The optimization status has many possible values. An optimal solution to the model may have been found, or the model may have been determined to be infeasible or unbounded, or the solution process may have been interrupted. A list of possible statuses can be found in the Gurobi Reference Manual. For our example, we know that the model is feasible, and we haven't modified any parameters that might cause the optimization to stop early (e.g., a time limit), so the status will be `GRB_OPTIMAL`.

Reporting the results

An important model attribute is the value of the objective function for the computed solution. This is accessed through this call:

error = GRBgetdblattr(model, GRB_DBL_ATTR_OBJVAL, &objval); if (error) goto QUIT;

Note that the `GRBgetdblattr` call would return a non-zero error result if no solution was found for this model.

Once we know that the model was solved, we can extract the `X` attribute of the model, which contains the value for each variable in the computed solution:

error = GRBgetdblattrarray(model, GRB_DBL_ATTR_X, 0, 3, sol); if (error) goto QUIT;

The `GRBgetdblattrarray` routine retrieves the values of an array-valued attribute. The third and fourth arguments indicate the index of the first array element to be retrieved, and the number of elements to retrieve, respectively. In this example, we retrieve entries 0 through 2 (i.e., all three of them).

Error reporting

We would like to point out one additional aspect of the example. Almost all of the Gurobi methods return an error code. The code will typically be zero, indicating that no error was encountered, but it is important to check the value of the code in case an error arises.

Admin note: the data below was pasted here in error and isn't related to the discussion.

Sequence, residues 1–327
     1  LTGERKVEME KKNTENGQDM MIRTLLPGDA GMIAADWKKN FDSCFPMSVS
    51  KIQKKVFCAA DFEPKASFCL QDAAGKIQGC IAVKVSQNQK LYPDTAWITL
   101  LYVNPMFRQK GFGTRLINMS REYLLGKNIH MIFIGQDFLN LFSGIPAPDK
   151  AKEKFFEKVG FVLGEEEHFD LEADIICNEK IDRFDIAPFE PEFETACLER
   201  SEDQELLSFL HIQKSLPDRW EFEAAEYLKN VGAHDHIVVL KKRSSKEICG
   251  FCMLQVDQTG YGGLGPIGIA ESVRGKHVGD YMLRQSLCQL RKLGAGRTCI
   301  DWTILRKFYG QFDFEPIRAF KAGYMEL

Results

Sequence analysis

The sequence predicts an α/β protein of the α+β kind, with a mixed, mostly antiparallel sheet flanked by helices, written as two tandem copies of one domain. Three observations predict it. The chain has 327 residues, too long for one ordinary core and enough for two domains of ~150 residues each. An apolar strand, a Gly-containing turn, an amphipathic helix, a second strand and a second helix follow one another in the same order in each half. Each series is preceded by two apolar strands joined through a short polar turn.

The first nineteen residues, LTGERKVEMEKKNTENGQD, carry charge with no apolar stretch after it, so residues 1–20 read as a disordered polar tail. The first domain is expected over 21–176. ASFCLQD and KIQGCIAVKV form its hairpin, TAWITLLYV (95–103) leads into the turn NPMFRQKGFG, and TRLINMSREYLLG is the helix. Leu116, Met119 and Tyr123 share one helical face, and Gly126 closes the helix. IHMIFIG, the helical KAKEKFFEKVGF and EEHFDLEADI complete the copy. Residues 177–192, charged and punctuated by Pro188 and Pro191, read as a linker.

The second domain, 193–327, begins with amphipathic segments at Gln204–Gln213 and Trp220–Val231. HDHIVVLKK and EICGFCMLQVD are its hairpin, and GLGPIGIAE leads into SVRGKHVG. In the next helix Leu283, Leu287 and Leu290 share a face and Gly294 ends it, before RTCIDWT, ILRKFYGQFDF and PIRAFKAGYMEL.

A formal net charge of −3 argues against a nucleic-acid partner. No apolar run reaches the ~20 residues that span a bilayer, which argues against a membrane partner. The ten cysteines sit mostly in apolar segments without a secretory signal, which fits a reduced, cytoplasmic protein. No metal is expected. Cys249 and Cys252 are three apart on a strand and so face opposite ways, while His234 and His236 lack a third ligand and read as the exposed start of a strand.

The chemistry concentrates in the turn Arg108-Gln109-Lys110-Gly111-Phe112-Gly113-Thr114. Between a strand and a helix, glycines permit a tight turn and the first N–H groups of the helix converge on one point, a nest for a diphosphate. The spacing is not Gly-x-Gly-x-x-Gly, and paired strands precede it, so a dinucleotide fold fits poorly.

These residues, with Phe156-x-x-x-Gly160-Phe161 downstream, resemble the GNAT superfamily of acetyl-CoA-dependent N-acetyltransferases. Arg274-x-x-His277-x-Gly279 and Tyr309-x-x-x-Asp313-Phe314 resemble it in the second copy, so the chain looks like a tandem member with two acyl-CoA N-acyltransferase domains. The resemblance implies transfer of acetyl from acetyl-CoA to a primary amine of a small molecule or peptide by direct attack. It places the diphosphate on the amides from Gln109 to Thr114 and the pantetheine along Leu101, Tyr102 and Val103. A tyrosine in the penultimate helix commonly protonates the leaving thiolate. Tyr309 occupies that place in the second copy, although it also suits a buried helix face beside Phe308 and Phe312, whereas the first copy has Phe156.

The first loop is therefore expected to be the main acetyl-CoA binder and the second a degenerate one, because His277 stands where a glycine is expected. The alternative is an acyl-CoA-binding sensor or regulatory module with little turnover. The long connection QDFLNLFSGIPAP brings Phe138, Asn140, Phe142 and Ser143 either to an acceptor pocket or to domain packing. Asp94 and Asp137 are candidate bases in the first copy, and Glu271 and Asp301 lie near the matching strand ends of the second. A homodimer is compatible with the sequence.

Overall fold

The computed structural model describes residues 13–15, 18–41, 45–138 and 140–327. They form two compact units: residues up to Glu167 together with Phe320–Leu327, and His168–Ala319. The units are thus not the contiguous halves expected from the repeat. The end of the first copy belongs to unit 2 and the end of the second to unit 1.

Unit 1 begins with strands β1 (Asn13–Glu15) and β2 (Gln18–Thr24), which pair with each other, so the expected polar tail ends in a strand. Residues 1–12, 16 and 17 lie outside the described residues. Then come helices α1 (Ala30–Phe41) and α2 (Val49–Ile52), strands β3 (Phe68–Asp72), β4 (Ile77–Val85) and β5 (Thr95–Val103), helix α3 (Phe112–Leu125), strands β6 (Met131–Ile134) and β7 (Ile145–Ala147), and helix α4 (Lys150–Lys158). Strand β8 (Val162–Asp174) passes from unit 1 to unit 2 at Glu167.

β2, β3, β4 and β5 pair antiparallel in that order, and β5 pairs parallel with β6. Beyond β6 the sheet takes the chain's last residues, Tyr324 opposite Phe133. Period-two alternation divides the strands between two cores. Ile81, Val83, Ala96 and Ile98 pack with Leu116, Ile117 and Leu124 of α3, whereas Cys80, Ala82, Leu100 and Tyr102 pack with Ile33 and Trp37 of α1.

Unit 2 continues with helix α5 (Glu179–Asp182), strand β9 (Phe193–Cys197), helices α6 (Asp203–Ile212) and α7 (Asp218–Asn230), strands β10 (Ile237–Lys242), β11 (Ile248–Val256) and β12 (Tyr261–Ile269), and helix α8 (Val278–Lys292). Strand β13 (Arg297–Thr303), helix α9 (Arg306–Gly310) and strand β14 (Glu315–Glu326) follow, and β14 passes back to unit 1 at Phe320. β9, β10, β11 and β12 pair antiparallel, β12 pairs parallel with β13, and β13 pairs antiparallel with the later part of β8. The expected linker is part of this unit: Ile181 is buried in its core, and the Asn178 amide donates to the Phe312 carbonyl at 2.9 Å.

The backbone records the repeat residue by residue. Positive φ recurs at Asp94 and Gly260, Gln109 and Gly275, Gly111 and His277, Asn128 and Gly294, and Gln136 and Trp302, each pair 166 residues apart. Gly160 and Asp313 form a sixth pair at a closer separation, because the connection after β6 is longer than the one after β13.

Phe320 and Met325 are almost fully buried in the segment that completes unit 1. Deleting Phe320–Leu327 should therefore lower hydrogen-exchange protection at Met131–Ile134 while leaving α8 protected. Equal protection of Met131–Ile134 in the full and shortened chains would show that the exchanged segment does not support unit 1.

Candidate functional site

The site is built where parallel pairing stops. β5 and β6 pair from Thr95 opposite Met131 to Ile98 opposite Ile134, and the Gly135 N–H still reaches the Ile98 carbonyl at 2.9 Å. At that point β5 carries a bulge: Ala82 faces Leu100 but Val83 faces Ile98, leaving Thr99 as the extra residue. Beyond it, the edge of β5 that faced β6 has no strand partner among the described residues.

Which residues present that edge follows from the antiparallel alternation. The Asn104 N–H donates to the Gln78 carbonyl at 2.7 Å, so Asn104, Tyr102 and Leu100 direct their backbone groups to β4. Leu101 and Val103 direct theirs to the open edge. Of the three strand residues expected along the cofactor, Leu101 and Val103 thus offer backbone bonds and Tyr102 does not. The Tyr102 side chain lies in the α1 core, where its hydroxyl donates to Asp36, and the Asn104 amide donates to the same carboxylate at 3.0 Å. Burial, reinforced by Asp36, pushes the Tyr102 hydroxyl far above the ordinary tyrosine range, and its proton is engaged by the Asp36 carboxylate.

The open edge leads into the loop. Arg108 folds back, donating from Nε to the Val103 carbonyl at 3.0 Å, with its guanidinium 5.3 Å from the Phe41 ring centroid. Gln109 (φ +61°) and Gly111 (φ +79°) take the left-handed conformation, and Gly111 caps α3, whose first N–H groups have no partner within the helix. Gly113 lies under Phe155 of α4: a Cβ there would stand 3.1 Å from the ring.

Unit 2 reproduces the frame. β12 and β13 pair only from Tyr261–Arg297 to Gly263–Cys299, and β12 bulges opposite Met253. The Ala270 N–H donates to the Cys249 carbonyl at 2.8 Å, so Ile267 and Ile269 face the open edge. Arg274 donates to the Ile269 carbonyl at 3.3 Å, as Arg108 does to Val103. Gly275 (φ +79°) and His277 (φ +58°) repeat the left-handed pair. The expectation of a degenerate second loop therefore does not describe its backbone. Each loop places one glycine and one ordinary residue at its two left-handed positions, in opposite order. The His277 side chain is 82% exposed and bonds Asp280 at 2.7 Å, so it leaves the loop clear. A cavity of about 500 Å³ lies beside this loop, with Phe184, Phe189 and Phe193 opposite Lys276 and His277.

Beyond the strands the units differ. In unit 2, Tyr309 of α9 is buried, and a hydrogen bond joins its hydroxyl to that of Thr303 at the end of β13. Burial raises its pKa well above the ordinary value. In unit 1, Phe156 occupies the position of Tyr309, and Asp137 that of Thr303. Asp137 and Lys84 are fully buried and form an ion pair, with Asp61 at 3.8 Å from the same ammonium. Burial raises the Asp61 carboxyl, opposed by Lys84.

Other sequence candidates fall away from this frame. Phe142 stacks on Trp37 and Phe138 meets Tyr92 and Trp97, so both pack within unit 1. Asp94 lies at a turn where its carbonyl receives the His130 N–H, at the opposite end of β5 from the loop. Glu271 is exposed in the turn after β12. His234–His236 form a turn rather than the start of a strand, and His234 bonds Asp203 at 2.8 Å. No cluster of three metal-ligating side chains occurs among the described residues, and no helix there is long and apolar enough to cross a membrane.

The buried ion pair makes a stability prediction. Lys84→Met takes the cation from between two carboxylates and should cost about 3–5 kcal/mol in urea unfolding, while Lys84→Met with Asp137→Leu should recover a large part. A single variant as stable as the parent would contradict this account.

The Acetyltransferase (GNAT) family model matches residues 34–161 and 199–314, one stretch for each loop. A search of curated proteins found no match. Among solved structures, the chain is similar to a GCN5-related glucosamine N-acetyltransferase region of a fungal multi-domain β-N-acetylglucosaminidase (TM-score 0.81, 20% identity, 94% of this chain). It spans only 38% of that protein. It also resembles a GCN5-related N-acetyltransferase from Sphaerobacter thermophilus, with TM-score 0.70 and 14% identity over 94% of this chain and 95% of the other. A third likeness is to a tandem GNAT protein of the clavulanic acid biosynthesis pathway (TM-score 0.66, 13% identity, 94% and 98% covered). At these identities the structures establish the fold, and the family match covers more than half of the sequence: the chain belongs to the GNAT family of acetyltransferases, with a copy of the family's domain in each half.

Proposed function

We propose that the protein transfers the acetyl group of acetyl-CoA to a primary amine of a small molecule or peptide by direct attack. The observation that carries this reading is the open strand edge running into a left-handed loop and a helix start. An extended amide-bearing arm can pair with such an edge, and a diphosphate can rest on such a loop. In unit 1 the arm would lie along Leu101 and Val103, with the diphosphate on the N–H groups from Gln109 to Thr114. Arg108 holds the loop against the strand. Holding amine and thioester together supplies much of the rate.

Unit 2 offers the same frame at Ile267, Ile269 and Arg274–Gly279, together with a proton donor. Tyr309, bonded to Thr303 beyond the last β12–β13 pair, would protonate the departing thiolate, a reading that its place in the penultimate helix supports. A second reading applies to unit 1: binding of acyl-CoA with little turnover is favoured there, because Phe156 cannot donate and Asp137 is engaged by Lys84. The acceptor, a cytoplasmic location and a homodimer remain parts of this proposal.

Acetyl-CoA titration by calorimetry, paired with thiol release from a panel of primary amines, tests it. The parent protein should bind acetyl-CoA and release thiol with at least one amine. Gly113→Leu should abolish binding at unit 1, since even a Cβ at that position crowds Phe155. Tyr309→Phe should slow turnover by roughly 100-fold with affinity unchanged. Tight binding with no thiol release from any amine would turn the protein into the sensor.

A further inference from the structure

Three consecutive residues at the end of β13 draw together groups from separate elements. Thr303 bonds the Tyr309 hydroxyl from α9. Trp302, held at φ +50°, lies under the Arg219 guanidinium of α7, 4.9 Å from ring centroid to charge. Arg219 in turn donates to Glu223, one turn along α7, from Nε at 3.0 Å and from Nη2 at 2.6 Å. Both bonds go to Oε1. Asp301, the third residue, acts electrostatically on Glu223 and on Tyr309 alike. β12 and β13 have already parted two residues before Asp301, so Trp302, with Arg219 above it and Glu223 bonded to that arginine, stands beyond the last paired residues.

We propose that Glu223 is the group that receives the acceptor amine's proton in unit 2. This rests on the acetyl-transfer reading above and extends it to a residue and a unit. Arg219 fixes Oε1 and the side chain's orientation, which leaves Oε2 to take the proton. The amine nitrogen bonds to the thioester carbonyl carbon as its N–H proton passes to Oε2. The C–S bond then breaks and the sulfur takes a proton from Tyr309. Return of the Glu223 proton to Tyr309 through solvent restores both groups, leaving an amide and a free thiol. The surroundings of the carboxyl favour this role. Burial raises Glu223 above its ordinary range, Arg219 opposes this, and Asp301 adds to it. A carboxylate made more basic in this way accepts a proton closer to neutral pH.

While you may want to print a specialized error code at each point where an error may occur, the Gurobi interface provides a more flexible facility for reporting errors. The `GRBgeterrormsg()` routine returns a textual description of the most recent error associated with an environment:

/* Error reporting */ if (error) { printf("ERROR: %s\n", GRBgeterrormsg(env)); exit(1); }

Cleaning up

Once the error reporting is done, the only remaining task in our example is to release the resources associated with our optimization task. In this case, we populated one model and created one environment. We call `GRBfreemodel(model)` to free the model, and `GRBfreeenv(env)` to free the environment (in that order).

Building and running the example

To build and run the example, please refer to the files in `<installdir>/examples/build`.

For **Linux** and **macOS** platforms, the `<installdir>/examples/build` directory contains an example Makefile. Typing `make mip1_c` will build and run this example.

For **Windows** platforms, this directory contains `C_examples_2015.sln`, `C_examples_2017.sln`, and `C_examples_2019.sln` (Visual Studio 2015, 2017, and 2019 solution files for the C examples). Double-clicking on the solution file will bring up Visual Studio. Clicking on the `mip1_c` project, and then selecting *Run* from the *Build* menu will compile and run the example.

The C example directory `<installdir>/examples/c` contains a number of examples. We encourage you to browse and modify them in order to become more familiar with the Gurobi C interface. We also encourage you to read the Gurobi Example Tour for more information.

## Comments

0 comments

Article is closed for comments.